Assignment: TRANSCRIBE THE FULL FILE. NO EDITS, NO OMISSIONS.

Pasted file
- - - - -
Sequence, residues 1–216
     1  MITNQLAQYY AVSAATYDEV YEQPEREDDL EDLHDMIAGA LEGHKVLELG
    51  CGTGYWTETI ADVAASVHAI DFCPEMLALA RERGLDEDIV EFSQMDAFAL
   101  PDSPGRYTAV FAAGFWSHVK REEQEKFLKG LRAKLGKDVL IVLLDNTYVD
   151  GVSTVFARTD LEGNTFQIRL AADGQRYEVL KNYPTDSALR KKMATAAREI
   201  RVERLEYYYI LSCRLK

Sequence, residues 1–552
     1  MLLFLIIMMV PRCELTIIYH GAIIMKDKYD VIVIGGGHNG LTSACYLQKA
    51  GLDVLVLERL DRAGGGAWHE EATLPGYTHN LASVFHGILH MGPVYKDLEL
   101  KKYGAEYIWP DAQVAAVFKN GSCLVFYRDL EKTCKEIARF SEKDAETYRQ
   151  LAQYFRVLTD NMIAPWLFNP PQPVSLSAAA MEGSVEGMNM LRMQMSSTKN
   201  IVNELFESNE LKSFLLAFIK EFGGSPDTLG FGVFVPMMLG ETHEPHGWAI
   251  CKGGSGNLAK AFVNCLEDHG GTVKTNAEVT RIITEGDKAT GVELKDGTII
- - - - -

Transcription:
Sequence, residues 1–216
     1  MITNQLAQYY AVSAATYDEV YEQPEREDDL EDLHDMIAGA LEGHKVLELG
    51  CGTGYWTETI ADVAASVHAI DFCPEMLALA RERGLDEDIV EFSQMDAFAL
   101  PDSPGRYTAV FAAGFWSHVK REEQEKFLKG LRAKLGKDVL IVLLDNTYVD
   151  GVSTVFARTD LEGNTFQIRL AADGQRYEVL KNYPTDSALR KKMATAAREI
   201  RVERLEYYYI LSCRLK

Sequence, residues 1–552
     1  MLLFLIIMMV PRCELTIIYH GAIIMKDKYD VIVIGGGHNG LTSACYLQKA
    51  GLDVLVLERL DRAGGGAWHE EATLPGYTHN LASVFHGILH MGPVYKDLEL
   101  KKYGAEYIWP DAQVAAVFKN GSCLVFYRDL EKTCKEIARF SEKDAETYRQ
   151  LAQYFRVLTD NMIAPWLFNP PQPVSLSAAA MEGSVEGMNM LRMQMSSTKN
   201  IVNELFESNE LKSFLLAFIK EFGGSPDTLG FGVFVPMMLG ETHEPHGWAI
   251  CKGGSGNLAK AFVNCLEDHG GTVKTNAEVT RIITEGDKAT GVELKDGTII